Following hack, Equifax offers free identity theft services with a big hidden cost

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Millions of Americans who were potentially impacted by a massive data breach at credit monitoring firm Equifax may find themselves in another quandary, should they choose to take advantage of the company’s free identity theft services.

Equifax announced on Thursday that it had experienced a data breach affecting at least 143 million U.S. consumers. Credit card numbers for approximately 209,000 customers were also hacked.

In the aftermath, Equifax began advertising a free service for anyone that may have been affected, called TrustedID Premier. TrustedID Premier offers “a suite of security products to protect them from digital theft,” according to TechCrunch; anyone concerned that their information may have been leaked was instructed to enroll in the program this week by visiting a sub-site (www.equifaxsecurity2017.com) and entering their social security number and personal information.

However, according to TrustedID Premier’s terms of use policy, those who use its services also inadvertently limit their own ability to participate in class-action arbitration against the company later on.

“Conveniently (for Equifax), those who sign up for TrustID might waive their right to any class-action lawsuit against the company, as stated at the bottom of TrustID’s terms of service,” explained TechCrunch’s Sarah Buhr.

TrustedID Premier states explicitly in its terms of use that customers are barred from entering into “any arbitration on a class or representative basis.” Any claims against the company must be brought through an independent arbitrator.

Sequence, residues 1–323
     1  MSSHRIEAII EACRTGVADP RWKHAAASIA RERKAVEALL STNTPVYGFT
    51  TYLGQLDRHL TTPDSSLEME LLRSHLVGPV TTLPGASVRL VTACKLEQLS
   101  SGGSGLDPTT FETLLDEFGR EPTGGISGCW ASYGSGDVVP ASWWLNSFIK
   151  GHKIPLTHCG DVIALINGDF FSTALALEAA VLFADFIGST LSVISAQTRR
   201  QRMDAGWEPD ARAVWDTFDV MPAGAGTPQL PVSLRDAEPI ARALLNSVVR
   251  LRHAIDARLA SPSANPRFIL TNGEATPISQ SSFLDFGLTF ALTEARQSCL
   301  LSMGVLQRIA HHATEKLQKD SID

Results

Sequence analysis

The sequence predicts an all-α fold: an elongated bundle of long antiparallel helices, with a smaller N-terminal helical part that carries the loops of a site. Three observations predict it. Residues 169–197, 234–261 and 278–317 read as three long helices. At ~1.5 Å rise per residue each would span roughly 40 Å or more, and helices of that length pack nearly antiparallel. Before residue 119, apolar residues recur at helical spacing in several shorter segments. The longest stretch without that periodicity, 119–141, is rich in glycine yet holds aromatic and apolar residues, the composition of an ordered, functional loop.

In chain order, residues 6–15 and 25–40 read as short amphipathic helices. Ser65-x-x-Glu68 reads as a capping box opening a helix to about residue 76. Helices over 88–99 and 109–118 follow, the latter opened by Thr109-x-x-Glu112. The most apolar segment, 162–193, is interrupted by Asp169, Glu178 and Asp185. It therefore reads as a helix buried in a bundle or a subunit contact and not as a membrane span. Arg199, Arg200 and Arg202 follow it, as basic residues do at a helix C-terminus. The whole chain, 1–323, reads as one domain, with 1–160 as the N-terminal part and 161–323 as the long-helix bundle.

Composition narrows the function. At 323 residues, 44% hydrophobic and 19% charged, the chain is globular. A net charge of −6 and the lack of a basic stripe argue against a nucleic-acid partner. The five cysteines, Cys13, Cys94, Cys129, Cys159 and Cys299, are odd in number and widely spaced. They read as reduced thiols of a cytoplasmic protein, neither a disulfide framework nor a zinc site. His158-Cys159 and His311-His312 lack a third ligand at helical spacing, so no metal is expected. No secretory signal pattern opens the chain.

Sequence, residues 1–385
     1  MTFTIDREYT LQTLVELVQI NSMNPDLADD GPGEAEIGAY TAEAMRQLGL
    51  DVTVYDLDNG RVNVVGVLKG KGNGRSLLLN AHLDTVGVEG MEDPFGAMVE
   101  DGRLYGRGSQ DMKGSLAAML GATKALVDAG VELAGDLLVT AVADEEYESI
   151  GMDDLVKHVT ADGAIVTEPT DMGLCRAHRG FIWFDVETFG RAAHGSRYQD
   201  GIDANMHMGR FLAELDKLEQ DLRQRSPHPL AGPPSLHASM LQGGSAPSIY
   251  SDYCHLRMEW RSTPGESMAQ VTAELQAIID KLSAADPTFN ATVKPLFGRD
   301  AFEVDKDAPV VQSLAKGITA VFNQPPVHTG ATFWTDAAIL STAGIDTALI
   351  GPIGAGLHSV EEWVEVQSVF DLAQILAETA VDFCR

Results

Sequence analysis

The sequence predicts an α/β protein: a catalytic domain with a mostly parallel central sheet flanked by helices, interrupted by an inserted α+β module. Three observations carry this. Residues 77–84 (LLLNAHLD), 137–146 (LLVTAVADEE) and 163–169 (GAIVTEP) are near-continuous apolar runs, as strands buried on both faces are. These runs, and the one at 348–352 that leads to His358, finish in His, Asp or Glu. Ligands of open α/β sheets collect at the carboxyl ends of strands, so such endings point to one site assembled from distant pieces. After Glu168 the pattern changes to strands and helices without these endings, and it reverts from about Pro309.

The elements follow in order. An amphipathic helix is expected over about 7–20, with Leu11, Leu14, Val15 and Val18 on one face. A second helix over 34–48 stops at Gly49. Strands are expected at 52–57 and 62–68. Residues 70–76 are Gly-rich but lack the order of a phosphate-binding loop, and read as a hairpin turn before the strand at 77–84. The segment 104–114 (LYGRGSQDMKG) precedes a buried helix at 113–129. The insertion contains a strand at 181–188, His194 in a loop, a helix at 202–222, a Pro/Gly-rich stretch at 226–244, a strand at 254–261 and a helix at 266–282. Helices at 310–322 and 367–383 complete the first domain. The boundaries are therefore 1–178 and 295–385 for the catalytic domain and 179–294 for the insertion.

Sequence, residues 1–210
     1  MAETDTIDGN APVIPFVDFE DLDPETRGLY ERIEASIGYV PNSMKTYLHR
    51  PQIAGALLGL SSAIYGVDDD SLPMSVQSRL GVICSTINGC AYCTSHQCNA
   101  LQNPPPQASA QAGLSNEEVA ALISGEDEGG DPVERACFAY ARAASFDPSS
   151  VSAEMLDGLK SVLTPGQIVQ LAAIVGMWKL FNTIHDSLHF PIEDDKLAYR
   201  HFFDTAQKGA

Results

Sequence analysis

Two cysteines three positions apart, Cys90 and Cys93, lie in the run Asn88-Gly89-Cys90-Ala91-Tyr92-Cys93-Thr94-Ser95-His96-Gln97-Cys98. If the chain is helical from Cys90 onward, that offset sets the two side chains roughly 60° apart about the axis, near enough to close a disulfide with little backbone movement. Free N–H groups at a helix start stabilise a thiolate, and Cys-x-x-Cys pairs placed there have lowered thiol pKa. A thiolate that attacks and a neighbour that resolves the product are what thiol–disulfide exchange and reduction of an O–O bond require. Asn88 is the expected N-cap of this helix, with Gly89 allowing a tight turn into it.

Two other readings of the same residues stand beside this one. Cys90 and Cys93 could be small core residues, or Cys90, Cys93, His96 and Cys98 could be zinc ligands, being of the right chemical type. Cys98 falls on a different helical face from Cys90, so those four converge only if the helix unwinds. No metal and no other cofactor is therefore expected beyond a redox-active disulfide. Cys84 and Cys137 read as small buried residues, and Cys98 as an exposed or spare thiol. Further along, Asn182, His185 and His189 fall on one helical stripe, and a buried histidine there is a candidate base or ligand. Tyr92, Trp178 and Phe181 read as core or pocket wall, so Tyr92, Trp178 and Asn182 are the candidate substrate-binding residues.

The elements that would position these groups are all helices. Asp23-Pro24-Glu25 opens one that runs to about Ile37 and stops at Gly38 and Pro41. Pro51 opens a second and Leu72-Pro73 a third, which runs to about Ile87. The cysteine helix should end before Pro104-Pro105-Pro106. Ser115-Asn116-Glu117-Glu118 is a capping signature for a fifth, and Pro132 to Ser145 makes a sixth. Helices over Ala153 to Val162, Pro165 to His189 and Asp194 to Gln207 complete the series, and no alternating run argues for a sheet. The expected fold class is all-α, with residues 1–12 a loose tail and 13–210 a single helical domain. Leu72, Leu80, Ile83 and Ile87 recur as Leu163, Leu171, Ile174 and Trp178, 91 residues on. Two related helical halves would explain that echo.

“You should be aware that [this] also limits your rights to discovery and appeal,” the company notes.

A class-action lawsuit against Equifax is already underway in Oregon; the suit, filed on behalf of plaintiffs Mary McHill and Brook Reinhard by attorney Michael Fuller, requires the company to “preserve all records related to the breach” and establishes the case as a class-action suit “for all consumers affected by the cyberattack”, according to USA Today.

“In an attempt to increase profits, Equifax negligently failed to maintain adequate technological safeguards to protect Ms. McHill and Mr. Reinhard’s information from unauthorized access by hackers,” Fuller wrote. “Equifax knew and should have known that failure to maintain adequate technological safeguards would eventually result in a massive data breach.”

Although the Equifax site’s general terms of service stipulates a similar arbitration clause, it does offer an opt-out provision. Those wishing to take advantage must notify the company in writing within 30 days of accepting any agreement on the site itself. It wasn’t immediately clear whether this same opt-out provision applied to customers utilizing the TrustedID Premier services.

Equifax spokespersons did not immediately respond to a request for comment.

On Friday, Sen. Elizabeth Warren (D-MA) weighed in on the arbitration clause.

“.@Equifax is forcing you to give up your right to join a class action against the company if you want their credit protection product,” she tweeted. “That’s right: @Equifax fails to protect your data and then they demand you give up legal rights if you want to limit the damage they caused. [The Consumer Financial Protection Bureau]’s new rule would stop companies like @Equifax from avoiding legal accountability like this — as long as @GOP doesn’t reverse it.”

Warren was referring to a CFPB rule that prevents banks and credit card companies from using forced arbitration clauses that prevent customers from taking legal action against them or filing class-action lawsuits. Republican senators like Arkansas Sen. Tom Cotton (R) have previously blasted the rule as “anti-business.”

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